Princeton Election Consortium

A first draft of electoral history. Since 2004

Jul 13: Biden 380 EV (D+6.4% from toss-up), Senate 53 D, 47 R (D+5.6%), House control D+8.0%
Moneyball states: President AK AR IA, Senate MT KS ME, Legislatures KS TX NC

Reanimating… Meta-margin Biden+4.6%, most effective GOTV states NV/AZ/FL/NM/NH/MI/NC

May 24th, 2020, 4:15pm by Sam Wang


Just a quiet Sunday, reanimating some code…minus some problems from 2016.

As of today, survey support for Biden is 4.6% above threshold in terms of Electoral College mechanisms. Median snapshot of current polls: Biden 343, Trump 195 EV.

Today’s poll-based modal outcome (i.e. the single most probable combination):

Here’s what it looks like if just 2% of voters flip from Biden to Trump uniformly:

Not exactly a landslide situation yet.

As always with the Electoral College, voter power varies tremendously by state. Here is per-voter influence over the Presidential outcome. In these units, my “jerseyvote” is worth about 0.5.

This valuation is key to our mission in 2020, which is to help readers focus their efforts where they will be most effective. In the coming weeks, we’ll expand the valuation from its past focus (Presidential, Senate, and House) to include state-level races, including legislative races. These last races are especially important, since redistricting will happen in 2021 – and redrawing the political playing field for a decade.

Tags: 2020 Election · President

14 Comments so far ↓

  • James McDonald

    Any chance you could provide a map allowing users to add/subtract uniform percentages and see the effect as a re-shaded map and a histogram of expected EV results?

    You did it for us for +2 Trump, but what happens with +2 Biden, or +1.4 Trump, or whatever…

    (Or maybe that option is already there and I was too clueless to figure it out.)

    Thanks

  • Brad Davis

    Sam, I saw an interesting article today (https://www.politico.com/news/2020/05/26/2020-election-democrats-281470) that said that it’s possible (probable?) that there will be a major economic turn around enough before the November elections that Trump will be able to tout as his successes, and that this will make it much harder for Biden to win, because people still trust Trump more on the economy than Biden.
    I’m not convinced that the economy will be in a turn around mode yet. I think as states re-open, there will be some new outbreaks, especially when we get into the fall (September, October) that will also likely cause a second wave. But if we assume it’s true that the economy will rebound significantly by November, is there anyway we can look at historical data to get an understanding of how much this might sway voters? How much does the economy that they are experiencing in that moment vs recent history affect their voting decisions?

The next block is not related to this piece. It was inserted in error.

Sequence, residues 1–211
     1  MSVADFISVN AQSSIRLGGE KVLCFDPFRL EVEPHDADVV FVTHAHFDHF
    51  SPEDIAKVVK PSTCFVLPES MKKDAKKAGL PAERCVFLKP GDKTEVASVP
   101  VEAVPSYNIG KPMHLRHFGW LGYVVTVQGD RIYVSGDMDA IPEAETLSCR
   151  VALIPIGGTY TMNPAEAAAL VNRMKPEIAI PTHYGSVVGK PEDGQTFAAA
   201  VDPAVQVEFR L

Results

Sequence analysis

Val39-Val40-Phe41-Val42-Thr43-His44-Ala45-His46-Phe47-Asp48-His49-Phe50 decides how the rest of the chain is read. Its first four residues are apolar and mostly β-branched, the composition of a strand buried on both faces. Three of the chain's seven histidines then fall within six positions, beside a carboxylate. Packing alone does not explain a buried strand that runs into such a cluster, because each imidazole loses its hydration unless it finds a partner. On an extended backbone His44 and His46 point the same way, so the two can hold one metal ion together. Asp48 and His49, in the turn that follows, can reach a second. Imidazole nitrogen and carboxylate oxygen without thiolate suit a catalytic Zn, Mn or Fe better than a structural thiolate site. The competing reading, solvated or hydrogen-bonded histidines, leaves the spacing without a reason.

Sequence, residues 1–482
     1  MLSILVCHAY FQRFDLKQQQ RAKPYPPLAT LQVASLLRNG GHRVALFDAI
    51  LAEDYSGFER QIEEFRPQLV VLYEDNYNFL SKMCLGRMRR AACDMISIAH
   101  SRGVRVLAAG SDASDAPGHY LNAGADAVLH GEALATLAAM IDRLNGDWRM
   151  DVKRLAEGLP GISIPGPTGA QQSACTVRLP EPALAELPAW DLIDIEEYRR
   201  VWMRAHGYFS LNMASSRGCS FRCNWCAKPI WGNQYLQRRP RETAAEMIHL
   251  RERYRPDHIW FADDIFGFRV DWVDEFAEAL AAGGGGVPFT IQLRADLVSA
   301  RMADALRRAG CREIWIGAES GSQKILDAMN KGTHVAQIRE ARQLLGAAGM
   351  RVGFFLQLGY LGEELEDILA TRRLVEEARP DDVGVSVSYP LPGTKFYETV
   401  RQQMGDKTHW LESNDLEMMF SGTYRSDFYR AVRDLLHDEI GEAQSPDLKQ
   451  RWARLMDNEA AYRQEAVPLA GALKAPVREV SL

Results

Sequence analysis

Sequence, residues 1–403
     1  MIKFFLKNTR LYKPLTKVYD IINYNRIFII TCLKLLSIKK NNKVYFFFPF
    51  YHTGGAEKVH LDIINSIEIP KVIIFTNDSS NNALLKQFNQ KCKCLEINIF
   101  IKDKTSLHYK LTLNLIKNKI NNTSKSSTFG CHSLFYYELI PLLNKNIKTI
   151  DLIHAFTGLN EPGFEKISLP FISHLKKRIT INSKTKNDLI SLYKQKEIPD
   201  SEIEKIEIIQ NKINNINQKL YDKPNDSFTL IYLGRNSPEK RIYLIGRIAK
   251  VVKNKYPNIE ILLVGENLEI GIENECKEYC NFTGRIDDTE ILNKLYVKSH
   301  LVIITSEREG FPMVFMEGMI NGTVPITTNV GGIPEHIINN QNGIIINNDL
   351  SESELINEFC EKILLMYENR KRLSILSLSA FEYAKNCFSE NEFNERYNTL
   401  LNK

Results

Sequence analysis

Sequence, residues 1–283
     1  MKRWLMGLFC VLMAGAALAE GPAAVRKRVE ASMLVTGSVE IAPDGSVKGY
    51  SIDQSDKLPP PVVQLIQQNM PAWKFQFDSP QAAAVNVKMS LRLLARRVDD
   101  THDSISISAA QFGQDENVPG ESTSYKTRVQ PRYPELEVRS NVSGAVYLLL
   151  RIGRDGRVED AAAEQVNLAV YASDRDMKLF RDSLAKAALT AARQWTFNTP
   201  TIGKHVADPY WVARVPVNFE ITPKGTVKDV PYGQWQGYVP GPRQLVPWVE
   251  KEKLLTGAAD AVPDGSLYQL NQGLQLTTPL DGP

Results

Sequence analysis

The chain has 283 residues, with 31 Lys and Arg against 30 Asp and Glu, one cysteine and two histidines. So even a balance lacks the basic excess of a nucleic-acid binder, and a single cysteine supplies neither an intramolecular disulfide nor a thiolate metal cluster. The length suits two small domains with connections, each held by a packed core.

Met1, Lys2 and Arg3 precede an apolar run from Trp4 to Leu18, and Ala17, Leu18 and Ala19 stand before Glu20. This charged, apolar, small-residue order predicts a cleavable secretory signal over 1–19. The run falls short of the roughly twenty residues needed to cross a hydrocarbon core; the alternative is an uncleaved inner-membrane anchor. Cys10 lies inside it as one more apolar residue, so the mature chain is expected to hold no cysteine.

• A New Jersey Farmer

    Hello Sam. I took your advice after 2016 and got involved in local and state politics, and read the posts about your gerrymandering project.

    I clicked on the links for the data, but I don’t see updated Pollster numbers. Is there someplace else I should be looking?

    Thank you.

  • Partha Neogy

    A 2% shift in the popular vote produces ~ 20% shift the the electoral college vote. Apart from the other things that are wrong with it, this amplification of the already knife-edge sensitivity of the election process would seem to add to its overall instability, uncertainty and vulnerability to manipulations.

    • James McDonald

      That’s not inherently due to the EC.

      If you’re looking for a majority in a very large sample divided near 50/50, even small uncertainties in the raw ratio will amplify to large variations in the expected winner.

      But the EC does make thing worse by concentrating the controlling variation into a few small states, among other things enhancing the ability of corruption in two or three states to swing the outcome.

  • Matthew J. McIrvin

    Resist the temptation to calculate a probability, and you’ll be fine.

  • Adam

    While I didn’t feel like posting it in the aftermath of the 2016 election, I did run the figures for which election predictions were most reliable, and in fact, despite your overconfidence in the overall outcome of the election, you were actually a very close second place to 538’s predictions on the state level.

    That is, your per-state predictions and certainty levels scored better than anyone else I looked at, using a proper scoring function. For that reason I’d definitely still be interested is seeing your predictions, per-state if nothing else.

    I think you could provide a valuable contribution. Even after four years, I haven’t found myself able to trust “black box” pollsters. I like understanding what I’m being given.

  • Bill Sternberg

    The new color choices for the EV graphs make them very difficult for my colorblind eyes to look at. The dividing line between “Trump Wins” and “Biden Wins” becomes effectively invisible in the graph depicting a 2% flip towards Trump. It’s just lost in all the data. I hope you will consider going back to the old colors.

    • Joe B.

      @ Bill:

      “The new color choices for the EV graphs make them very difficult for my colorblind eyes to look at.”

      True. However, the dividing line is at the same place in both graphs. Should make it pretty simple to “see” it’s position in the second graph, even if you’re color-blind.

  • Paul

    I have a question. In the past you had highlighted specific races, Senate and House in which donating to a Democrat would have the greatest impact. Will you be providing that information again this election cycle and, if yes, approximately when?
    Despite the ‘.ca’ on my address I am a US citizen (duel actually). Thanks

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